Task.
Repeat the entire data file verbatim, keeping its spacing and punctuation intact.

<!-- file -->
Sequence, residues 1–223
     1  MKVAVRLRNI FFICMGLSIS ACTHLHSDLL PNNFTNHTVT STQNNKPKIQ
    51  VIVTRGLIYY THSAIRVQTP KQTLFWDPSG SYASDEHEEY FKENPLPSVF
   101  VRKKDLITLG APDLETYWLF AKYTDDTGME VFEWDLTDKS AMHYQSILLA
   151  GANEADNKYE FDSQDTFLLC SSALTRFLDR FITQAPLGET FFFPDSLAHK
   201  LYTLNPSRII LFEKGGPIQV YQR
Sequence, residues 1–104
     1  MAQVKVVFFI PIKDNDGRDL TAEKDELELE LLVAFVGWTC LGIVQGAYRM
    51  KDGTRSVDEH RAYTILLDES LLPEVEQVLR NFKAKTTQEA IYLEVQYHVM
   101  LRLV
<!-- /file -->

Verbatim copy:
Sequence, residues 1–223
     1  MKVAVRLRNI FFICMGLSIS ACTHLHSDLL PNNFTNHTVT STQNNKPKIQ
    51  VIVTRGLIYY THSAIRVQTP KQTLFWDPSG SYASDEHEEY FKENPLPSVF
   101  VRKKDLITLG APDLETYWLF AKYTDDTGME VFEWDLTDKS AMHYQSILLA
   151  GANEADNKYE FDSQDTFLLC SSALTRFLDR FITQAPLGET FFFPDSLAHK
   201  LYTLNPSRII LFEKGGPIQV YQR
Sequence, residues 1–104
     1  MAQVKVVFFI PIKDNDGRDL TAEKDELELE LLVAFVGWTC LGIVQGAYRM
    51  KDGTRSVDEH RAYTILLDES LLPEVEQVLR NFKAKTTQEA IYLEVQYHVM
   101  LRLV